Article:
"None o that crap Jess, I know your kinda promises." A big crimson hand thickly furred with yellow hairs brushed the chessmen into their box. "Tell the ole woman you had to have a nip to keep the weather out."
"That's no lie neither."
Bud watched their shadows hunched into the rain pass the window.
"What you name?"
Bud turned sharp from the window startled by a shrill squeaky voice in his ear. He was looking into the fireblue eyes of a little yellow man who had a face like a toad, large mouth, protruding eyes and thick closecropped black hair.
Bud's jaw set. "My name's Smith, what about it?"
The little man held out a square callouspalmed hand, "Plis to meet yez. Me Matty."
Bud took the hand in spite of himself. It squeezed his until he winced. "Matty what?" he asked. "Me juss Matty . . . Laplander Matty . . . Come have drink."
"I'm flat," said Bud. "Aint got a red cent."
"On me. Me too much money, take some. . . ." Matty shoved a hand into either pocket of his baggy checked suit and punched Bud in the chest with two fistfuls of greenbacks.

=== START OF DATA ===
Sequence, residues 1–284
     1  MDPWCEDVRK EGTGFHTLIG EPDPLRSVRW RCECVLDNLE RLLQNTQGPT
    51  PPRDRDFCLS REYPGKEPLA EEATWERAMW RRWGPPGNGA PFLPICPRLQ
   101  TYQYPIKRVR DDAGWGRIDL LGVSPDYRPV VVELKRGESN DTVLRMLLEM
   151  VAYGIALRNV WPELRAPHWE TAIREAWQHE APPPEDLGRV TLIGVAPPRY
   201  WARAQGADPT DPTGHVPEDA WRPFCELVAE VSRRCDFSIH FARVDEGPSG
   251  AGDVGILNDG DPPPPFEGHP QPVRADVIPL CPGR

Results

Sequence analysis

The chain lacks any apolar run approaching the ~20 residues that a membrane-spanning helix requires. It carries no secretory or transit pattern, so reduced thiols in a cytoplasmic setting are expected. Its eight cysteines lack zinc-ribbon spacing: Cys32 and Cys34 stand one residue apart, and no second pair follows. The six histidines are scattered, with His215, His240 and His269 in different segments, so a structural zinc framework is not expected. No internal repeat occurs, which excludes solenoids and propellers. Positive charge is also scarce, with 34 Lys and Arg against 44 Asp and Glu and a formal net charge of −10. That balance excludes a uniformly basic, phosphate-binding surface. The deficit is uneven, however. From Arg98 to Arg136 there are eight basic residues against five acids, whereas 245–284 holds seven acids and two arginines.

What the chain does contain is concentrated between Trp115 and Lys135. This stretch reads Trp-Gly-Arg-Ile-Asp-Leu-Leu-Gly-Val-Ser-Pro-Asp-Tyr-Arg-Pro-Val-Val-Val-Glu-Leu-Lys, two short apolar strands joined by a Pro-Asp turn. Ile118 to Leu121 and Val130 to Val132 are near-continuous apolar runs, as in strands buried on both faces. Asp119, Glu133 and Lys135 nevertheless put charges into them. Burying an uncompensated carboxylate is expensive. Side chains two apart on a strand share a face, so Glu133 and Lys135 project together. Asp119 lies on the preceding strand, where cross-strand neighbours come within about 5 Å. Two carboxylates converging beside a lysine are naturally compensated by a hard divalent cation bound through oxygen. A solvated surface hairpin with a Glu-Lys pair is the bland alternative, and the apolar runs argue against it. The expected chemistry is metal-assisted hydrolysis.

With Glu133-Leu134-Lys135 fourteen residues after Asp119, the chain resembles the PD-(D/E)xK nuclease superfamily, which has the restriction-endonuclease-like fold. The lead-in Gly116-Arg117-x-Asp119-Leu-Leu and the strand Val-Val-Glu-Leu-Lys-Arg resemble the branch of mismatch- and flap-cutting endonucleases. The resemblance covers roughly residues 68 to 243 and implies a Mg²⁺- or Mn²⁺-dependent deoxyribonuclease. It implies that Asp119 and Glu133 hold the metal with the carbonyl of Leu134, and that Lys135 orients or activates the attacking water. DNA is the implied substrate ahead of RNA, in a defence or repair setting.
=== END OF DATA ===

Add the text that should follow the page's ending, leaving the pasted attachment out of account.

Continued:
"Aw keep yer money . . . I'll take a drink with yous though."
By the time they got to the saloon on the corner of Pearl Street Bud's elbows and knees were soaked and a trickle of cold rain was running down his neck. When they went up to the bar Laplander Matty put down a five dollar bill.
"Me treat everybody; very happy yet tonight."
Bud was tackling the free lunch. "Hadn't et in a dawg's age," he explained when he went back to the bar to take his drink. The whisky burnt his throat all the way down, dried wet clothes and made him feel the way he used to feel when he was a kid and got off to go to a baseball game Saturday afternoon.
"Put it there Lap," he shouted slapping the little man's broad back. "You an me's friends from now on."